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state of the art in formal proofs of kernels

state of the art in formal proofs of kernels

Posted Nov 20, 2012 4:26 UTC (Tue) by pjm (subscriber, #2080)
In reply to: Annotating the kernel to prevent exploits by vonbrand
Parent article: Attacking hardened Linux systems with kernel JIT spraying

Even then, so far they only claim to have proven [subject to questionable assumptions such as the compiler conforming to the formalization that they've written themselves] that their C implementation has the same behaviour (and hence same set of bugs) as their implementation in a higher-level language. They haven't claimed to have proven anything (else) about the behaviour of that higher-level-language implementation. So for example, even if the seL4 microkernel contained a JIT compiler, they wouldn't have proven anything about the output of that compiler (to which the kernel presumably passes control while in kernel mode).

OTOH, that program equivalence would certainly reduce the opportunities for exploits (e.g. by ruling out any buffer overflows that don't occur in the higher-level language), and at least it's a bit easier to prove properties of code in a higher-level language than a lower-level one. Mathematical proofs increase confidence, but there's always a gap between a mathematical model and the real world.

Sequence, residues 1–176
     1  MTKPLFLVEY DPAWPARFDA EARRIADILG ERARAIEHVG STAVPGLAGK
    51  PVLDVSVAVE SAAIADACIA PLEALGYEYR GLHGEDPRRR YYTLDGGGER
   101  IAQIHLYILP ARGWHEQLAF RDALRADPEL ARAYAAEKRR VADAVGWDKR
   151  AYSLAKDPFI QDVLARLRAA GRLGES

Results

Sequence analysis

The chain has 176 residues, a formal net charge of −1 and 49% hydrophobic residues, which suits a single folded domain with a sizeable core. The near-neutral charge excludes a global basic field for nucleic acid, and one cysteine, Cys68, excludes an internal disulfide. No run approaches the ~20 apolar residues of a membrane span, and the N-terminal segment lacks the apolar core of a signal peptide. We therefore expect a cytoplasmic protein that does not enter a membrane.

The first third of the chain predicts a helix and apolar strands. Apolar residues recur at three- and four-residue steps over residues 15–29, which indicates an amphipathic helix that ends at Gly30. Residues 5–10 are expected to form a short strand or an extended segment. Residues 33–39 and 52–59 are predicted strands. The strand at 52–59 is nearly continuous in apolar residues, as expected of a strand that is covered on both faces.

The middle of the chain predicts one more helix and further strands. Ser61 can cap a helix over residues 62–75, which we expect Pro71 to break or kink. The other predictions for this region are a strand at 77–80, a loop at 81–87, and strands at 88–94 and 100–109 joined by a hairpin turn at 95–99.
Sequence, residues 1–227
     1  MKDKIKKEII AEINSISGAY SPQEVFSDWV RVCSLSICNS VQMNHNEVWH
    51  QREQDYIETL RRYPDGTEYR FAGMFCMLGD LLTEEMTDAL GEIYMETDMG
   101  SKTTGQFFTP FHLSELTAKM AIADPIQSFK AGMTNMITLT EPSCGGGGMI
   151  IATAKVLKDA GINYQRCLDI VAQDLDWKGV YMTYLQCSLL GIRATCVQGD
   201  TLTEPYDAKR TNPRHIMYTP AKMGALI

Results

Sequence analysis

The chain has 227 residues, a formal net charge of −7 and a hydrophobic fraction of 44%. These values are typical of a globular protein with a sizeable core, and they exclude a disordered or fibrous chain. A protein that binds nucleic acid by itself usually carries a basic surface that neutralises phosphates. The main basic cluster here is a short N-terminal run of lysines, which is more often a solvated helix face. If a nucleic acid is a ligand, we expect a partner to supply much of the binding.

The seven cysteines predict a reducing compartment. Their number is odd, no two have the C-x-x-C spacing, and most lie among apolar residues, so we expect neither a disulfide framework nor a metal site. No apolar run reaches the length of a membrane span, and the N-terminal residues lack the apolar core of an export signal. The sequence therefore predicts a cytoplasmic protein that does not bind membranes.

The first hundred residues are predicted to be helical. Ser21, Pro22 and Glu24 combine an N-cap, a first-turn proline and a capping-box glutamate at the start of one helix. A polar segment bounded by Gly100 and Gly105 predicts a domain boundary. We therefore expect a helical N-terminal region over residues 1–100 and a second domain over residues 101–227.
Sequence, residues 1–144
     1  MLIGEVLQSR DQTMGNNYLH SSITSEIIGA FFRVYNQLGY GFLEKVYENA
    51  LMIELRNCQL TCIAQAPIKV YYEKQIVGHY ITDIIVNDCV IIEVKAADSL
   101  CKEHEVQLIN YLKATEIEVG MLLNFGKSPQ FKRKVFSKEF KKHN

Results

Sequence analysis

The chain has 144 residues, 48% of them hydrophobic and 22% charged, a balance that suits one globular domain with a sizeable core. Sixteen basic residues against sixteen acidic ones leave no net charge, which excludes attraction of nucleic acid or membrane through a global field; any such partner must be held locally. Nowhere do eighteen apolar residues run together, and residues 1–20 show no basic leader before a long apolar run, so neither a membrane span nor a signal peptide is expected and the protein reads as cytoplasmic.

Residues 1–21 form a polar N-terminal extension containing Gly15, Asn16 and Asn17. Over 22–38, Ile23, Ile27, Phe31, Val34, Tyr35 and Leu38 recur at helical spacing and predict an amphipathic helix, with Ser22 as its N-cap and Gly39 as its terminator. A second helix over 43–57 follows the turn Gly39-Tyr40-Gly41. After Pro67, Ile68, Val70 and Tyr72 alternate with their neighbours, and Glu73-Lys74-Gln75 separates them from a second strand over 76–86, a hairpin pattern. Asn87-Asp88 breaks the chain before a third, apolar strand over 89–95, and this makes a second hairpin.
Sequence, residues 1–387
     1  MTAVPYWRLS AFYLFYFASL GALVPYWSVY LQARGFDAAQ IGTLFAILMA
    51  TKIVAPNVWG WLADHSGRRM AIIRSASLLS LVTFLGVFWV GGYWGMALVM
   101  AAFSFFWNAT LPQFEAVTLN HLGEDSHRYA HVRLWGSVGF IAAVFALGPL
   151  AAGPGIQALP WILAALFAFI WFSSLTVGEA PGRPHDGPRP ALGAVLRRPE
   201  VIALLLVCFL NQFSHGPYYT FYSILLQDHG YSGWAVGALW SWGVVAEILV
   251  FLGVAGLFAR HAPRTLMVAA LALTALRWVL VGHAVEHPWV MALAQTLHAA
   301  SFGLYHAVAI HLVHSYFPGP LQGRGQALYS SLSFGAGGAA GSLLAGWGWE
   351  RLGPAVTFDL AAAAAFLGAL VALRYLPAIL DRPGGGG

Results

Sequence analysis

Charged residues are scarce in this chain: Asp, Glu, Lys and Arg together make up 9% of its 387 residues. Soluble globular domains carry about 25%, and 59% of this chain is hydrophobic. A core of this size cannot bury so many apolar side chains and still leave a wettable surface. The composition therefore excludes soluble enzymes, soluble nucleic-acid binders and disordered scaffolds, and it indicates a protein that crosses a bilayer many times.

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state of the art in formal proofs of kernels

Posted Nov 20, 2012 11:45 UTC (Tue) by Cyberax (✭ supporter ✭, #52523) [Link]

There's research towards proving that compiler output is correct by using type-annotated assembly language. It might be actually possible to check whether high-level invariants are not mis-translated by the compiler.

The next frontier is to prove that hardware itself is correct :)

state of the art in formal proofs of kernels

Posted Nov 20, 2012 13:33 UTC (Tue) by ebiederm (subscriber, #35028) [Link]

There is compcert a formally proven C compiler written in coq.

Hardware design developed formal method for their logic ALUs and FPUs a long time ago. Although that clearly has it's limits. Especially timing.

The next frontier is for program proofs to stop being news and instead partial program proofs increasing program reliability to the point where any program updates except for features become news.

How we go from proofs of concept to useful proof tools is a question I don't yet see answers to.

state of the art in formal proofs of kernels

Posted Nov 20, 2012 19:14 UTC (Tue) by dlang (subscriber, #313) [Link]

> ...increasing program reliability to the point where any program updates except for features become news.

Given that people don't even bother to define what acceptable input is, I don't expect this to ever happen.

Not to mention that this would require anticipating all possible internal state, another thing that is not going to happen.

And then you need to have someone think through what should happen in all these combinations of cases, and not have any logic errors in what the 'proofs' are trying to show.

> Hardware design developed formal method for their logic ALUs and FPUs a long time ago. Although that clearly has it's limits. Especially timing.

And when Timing issues dominate, the 'correctness' generated by such proofs is pretty meaningless.

Math is not reality, they sometimes have a resemblance to each other, but that's just a happy coincidence.


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